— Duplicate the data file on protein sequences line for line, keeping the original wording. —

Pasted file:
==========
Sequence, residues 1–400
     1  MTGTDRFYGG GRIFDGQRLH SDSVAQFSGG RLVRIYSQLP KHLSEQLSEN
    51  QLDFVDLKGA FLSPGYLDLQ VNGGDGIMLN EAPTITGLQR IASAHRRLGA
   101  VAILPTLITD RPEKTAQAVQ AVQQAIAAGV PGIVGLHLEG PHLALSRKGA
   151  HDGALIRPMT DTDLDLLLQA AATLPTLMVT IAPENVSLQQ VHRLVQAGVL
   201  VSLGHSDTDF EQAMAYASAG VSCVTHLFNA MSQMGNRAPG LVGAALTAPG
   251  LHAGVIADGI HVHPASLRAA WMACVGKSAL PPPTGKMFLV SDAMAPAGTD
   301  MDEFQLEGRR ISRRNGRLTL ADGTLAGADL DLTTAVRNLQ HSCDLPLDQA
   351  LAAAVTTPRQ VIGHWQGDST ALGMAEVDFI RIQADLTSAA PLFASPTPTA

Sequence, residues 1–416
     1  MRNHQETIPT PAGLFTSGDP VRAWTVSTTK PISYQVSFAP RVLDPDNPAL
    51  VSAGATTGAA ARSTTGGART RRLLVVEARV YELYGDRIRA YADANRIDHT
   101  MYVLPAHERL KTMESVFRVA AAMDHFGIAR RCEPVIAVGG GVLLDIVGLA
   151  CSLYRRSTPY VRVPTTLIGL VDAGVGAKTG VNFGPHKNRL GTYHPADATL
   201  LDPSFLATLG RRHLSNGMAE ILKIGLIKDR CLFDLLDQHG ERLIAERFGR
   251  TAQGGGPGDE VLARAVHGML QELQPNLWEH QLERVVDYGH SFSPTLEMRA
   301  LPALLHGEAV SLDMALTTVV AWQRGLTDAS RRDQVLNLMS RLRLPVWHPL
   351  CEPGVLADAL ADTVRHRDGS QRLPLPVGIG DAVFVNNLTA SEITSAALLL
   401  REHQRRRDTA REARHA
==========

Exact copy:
Sequence, residues 1–400
     1  MTGTDRFYGG GRIFDGQRLH SDSVAQFSGG RLVRIYSQLP KHLSEQLSEN
    51  QLDFVDLKGA FLSPGYLDLQ VNGGDGIMLN EAPTITGLQR IASAHRRLGA
   101  VAILPTLITD RPEKTAQAVQ AVQQAIAAGV PGIVGLHLEG PHLALSRKGA
   151  HDGALIRPMT DTDLDLLLQA AATLPTLMVT IAPENVSLQQ VHRLVQAGVL
   201  VSLGHSDTDF EQAMAYASAG VSCVTHLFNA MSQMGNRAPG LVGAALTAPG
   251  LHAGVIADGI HVHPASLRAA WMACVGKSAL PPPTGKMFLV SDAMAPAGTD
   301  MDEFQLEGRR ISRRNGRLTL ADGTLAGADL DLTTAVRNLQ HSCDLPLDQA
   351  LAAAVTTPRQ VIGHWQGDST ALGMAEVDFI RIQADLTSAA PLFASPTPTA

Sequence, residues 1–416
     1  MRNHQETIPT PAGLFTSGDP VRAWTVSTTK PISYQVSFAP RVLDPDNPAL
    51  VSAGATTGAA ARSTTGGART RRLLVVEARV YELYGDRIRA YADANRIDHT
   101  MYVLPAHERL KTMESVFRVA AAMDHFGIAR RCEPVIAVGG GVLLDIVGLA
   151  CSLYRRSTPY VRVPTTLIGL VDAGVGAKTG VNFGPHKNRL GTYHPADATL
   201  LDPSFLATLG RRHLSNGMAE ILKIGLIKDR CLFDLLDQHG ERLIAERFGR
   251  TAQGGGPGDE VLARAVHGML QELQPNLWEH QLERVVDYGH SFSPTLEMRA
   301  LPALLHGEAV SLDMALTTVV AWQRGLTDAS RRDQVLNLMS RLRLPVWHPL
   351  CEPGVLADAL ADTVRHRDGS QRLPLPVGIG DAVFVNNLTA SEITSAALLL
   401  REHQRRRDTA REARHA